Dhaka, July 29 (bdnews24.com) —The High Court on Sunday asked the government to explain why the indemnity from prosecution for the military officers and other law-enforcing personnel in the 'Operation Clean Heart' during the BNP-led government would not be declared illegal.
The bench of justices Mirza Hussain Haider and Kazi Mohammad Ejarul Haque Akondo also demanded why the indemnity law over the joint operation conducted by the armed forces, police and paramilitary forces would not be declared to be in conflict with the Constitution.
Z I Khan Panna, chief of the outgoing Bangladesh Bar Council's Human Rights and Legal Assistance Affairs, filed the writ petition.
The High Court ruling came around a decade after the operation was initiated. Advocate Shahdin Malik argued for the petitioner while Deputy Attorney General Al Amin Sarkar represented the state at the hearing.
Top bureaucrats of the law, home and defence ministries, Commander-in-Chief of the Armed Forces and Inspector General of Police have been directed to reply to the rule within six weeks.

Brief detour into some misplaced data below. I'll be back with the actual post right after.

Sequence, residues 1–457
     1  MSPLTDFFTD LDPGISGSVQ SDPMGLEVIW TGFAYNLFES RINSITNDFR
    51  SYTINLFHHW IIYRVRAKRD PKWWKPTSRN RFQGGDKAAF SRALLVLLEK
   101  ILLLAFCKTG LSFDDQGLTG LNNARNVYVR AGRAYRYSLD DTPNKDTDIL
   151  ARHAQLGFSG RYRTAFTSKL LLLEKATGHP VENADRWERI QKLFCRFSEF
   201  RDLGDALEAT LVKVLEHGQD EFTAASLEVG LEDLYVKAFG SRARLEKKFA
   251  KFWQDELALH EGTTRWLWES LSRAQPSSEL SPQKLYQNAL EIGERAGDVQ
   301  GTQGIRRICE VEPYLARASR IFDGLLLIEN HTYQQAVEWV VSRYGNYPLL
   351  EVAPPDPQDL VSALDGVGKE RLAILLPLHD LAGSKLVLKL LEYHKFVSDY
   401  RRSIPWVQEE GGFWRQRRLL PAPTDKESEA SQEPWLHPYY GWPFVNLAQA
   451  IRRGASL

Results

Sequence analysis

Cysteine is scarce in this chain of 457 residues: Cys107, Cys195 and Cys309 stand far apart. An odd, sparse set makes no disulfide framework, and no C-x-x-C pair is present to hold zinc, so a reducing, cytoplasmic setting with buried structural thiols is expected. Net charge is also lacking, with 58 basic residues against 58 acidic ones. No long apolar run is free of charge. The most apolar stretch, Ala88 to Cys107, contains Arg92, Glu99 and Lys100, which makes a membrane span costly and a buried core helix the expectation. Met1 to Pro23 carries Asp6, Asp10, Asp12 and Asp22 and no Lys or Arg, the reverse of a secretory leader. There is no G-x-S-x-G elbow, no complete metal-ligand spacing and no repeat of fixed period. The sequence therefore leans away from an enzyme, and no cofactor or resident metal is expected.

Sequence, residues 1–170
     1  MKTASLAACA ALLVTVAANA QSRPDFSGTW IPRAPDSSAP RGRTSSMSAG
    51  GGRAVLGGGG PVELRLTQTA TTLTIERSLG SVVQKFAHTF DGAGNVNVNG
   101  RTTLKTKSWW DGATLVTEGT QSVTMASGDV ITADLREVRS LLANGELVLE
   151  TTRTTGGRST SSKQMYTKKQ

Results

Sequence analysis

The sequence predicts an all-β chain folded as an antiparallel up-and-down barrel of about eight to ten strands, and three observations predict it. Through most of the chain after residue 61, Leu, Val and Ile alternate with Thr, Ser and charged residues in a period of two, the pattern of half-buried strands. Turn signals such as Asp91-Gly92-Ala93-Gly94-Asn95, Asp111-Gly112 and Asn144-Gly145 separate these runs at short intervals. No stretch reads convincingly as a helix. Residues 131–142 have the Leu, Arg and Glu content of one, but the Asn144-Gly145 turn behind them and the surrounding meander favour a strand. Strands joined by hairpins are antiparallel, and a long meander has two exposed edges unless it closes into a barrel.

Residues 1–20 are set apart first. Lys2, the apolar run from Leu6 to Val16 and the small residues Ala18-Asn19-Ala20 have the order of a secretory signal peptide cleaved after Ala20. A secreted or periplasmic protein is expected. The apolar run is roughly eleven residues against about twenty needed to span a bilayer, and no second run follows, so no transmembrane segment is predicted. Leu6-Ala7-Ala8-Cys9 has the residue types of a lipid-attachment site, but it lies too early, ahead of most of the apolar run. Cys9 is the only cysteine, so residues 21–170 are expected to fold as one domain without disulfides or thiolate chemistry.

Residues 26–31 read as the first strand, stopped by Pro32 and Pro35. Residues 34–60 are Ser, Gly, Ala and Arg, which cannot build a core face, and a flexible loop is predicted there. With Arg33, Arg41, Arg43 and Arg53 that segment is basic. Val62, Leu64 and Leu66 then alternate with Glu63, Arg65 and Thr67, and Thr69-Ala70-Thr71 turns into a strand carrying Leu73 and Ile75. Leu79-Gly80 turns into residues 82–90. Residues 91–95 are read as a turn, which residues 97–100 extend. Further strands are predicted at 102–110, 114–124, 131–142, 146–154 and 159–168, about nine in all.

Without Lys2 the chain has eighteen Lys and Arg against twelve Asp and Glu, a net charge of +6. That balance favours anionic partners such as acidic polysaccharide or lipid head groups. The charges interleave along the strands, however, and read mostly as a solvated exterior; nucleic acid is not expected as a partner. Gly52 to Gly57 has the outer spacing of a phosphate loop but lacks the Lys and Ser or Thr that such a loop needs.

The High Court also sought to know why a Tk 1 billion fund will not be raised to compensate those harmed during the operation.
Soon after the BNP-Jamaat-e-Islami coalition government took office, the military ran 'Operation Clean Heart' from Oct 16, 2002 to Jan 9, 2003 to 'restore' law and order.
Many people died during the operation slated by rights groups but the authorities claimed the deaths were due to 'heart attacks'.
Then the BNP-led coalition government claimed the operation was conducted to check terrorism, while chief opposition Awami League alleged it was to annihilate the opposition leaders and supporters.
According to New York-based Human Rights Watch, 60 people were killed during the operation. Then government admitted that 12 of the detained people died of 'heart attack'.
On Feb 24, 2003, the BNP-Jamaat government passed a law, providing indemnity to the military officials who took part in the special operation.
Lawyer Shahdin Malik told bdnews24.com Bangladesh had signed the international convention forbidding torture in 1998. Section 14 of the law talks about raising fund to compensate anyone harmed at the hand of the government forces.
He added the Supreme Court of India had also issued many orders on the issue.
Z I Khan told bdnews24.com: "This indemnity law is one of the darkest laws in the world. No other country has this type of laws... no civilised country can have such law. Having [this law] is a blatant disregard for the rule of law."